On Saturday, a small island in Iceland witnessed its most active volcano, Grimsvotn, erupt around 5:30 p.m. local time, close to the hour that Harold Camping predicted Judgment Day would begin.
Though Iceland closed its main international airport and canceled domestic flights due to the spread of ash, smoke and steam up to 12 miles into the air, the eruption seems to be reducing in size, according to Magnús Tumi Gudmundsson, professor of Geophysics at the University of Iceland, as reported by The Associated Press.
“The fissure is not so long, maybe 500 to 800 meters wide, but extremely powerful when it goes at full blast,” he said.
"There are some signs the eruption plume is getting lower now," he said. "We may be seeing the first sign that it is starting to decline. In two or three days the worst should be over."
Camping, president of Family Radio, predicted there would be destructive earthquakes on May 21 beginning at 6 p.m. in each time zone that would alert the world that Judgment Day has begun. Small earthquakes occurred on Saturday, including in northern California and around New Zealand. But none of the events, including the volcanic eruption, were destructive to the extent that Camping predicted.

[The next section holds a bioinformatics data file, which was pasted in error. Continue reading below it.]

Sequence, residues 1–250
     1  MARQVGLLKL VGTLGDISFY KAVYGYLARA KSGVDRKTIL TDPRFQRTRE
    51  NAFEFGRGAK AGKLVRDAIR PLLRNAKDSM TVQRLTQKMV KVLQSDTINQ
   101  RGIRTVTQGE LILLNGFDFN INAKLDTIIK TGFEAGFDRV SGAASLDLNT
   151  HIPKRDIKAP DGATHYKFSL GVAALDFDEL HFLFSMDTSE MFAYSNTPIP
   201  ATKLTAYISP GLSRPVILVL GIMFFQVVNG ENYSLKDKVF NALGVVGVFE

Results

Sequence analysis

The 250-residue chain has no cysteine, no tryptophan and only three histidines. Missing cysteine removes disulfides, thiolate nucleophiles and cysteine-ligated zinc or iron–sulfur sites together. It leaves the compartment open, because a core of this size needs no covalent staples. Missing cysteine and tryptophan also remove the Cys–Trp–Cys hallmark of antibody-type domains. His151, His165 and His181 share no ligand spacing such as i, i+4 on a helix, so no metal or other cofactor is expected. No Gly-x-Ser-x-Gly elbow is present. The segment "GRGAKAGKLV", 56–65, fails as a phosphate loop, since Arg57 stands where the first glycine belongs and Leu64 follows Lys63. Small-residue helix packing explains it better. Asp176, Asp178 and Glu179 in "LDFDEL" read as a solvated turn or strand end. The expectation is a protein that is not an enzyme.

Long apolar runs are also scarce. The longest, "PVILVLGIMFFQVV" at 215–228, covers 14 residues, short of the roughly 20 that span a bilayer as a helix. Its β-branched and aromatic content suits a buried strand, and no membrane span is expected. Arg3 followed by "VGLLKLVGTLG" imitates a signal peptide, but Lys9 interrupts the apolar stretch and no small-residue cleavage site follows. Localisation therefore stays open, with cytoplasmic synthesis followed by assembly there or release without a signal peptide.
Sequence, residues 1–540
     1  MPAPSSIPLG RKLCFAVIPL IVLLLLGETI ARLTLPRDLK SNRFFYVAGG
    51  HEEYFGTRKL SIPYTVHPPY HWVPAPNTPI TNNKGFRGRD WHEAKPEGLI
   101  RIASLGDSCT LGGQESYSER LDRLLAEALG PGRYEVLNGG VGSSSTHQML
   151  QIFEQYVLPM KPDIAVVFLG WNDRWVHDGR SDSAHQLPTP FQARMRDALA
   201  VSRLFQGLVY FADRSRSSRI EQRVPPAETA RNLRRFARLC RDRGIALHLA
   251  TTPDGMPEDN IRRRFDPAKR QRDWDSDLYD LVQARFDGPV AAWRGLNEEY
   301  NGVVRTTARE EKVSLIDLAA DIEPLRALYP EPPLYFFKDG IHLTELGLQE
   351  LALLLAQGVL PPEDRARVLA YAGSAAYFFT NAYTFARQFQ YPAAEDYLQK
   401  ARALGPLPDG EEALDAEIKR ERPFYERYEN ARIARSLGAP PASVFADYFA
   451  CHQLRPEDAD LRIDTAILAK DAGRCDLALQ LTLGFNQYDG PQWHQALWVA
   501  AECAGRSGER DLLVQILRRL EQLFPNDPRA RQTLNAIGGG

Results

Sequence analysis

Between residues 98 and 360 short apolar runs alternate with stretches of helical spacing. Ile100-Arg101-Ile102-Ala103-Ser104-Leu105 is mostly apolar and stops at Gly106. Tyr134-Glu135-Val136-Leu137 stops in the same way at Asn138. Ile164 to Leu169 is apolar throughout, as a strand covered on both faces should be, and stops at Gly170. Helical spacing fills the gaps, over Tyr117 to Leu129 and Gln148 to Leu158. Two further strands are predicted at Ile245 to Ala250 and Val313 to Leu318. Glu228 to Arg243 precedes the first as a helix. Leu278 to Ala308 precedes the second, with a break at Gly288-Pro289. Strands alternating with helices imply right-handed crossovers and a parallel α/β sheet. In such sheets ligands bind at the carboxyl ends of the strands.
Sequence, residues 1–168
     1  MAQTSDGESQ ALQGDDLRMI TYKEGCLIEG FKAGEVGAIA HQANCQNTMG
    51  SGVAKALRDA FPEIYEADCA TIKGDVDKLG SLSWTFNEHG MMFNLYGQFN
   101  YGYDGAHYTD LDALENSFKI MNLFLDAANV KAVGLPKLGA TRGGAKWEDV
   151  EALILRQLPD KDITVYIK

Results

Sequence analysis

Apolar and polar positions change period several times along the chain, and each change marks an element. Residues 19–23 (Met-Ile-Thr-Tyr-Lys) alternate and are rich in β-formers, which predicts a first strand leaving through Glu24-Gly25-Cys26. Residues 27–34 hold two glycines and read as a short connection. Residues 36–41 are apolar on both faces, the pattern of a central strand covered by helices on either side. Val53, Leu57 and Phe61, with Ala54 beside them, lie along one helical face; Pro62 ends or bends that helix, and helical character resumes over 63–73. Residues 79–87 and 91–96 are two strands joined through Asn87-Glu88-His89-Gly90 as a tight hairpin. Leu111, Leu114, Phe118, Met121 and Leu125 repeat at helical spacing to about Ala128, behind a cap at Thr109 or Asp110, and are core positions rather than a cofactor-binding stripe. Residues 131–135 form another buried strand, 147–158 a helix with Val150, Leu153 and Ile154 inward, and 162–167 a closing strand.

In Iceland, people are still being encouraged to avoid driving in the surrounding area, especially because of the fear of flood from melting glacier ice in the area.
According to Gudmundsson the eruption was “much bigger and more intensive than Eyjafjallajokull,” which erupted last April and ended up shutting down the airspace over parts of Europe for five days in 34 countries.
He added that because the ash is coarse, it is most likely to fall to the ground quicker.
Grimsvotn’s past eruptions also include one in 1998, 1996, and 1993, lasting from a few days to a couple of weeks.
There have been no reports of injuries or fatalities so far.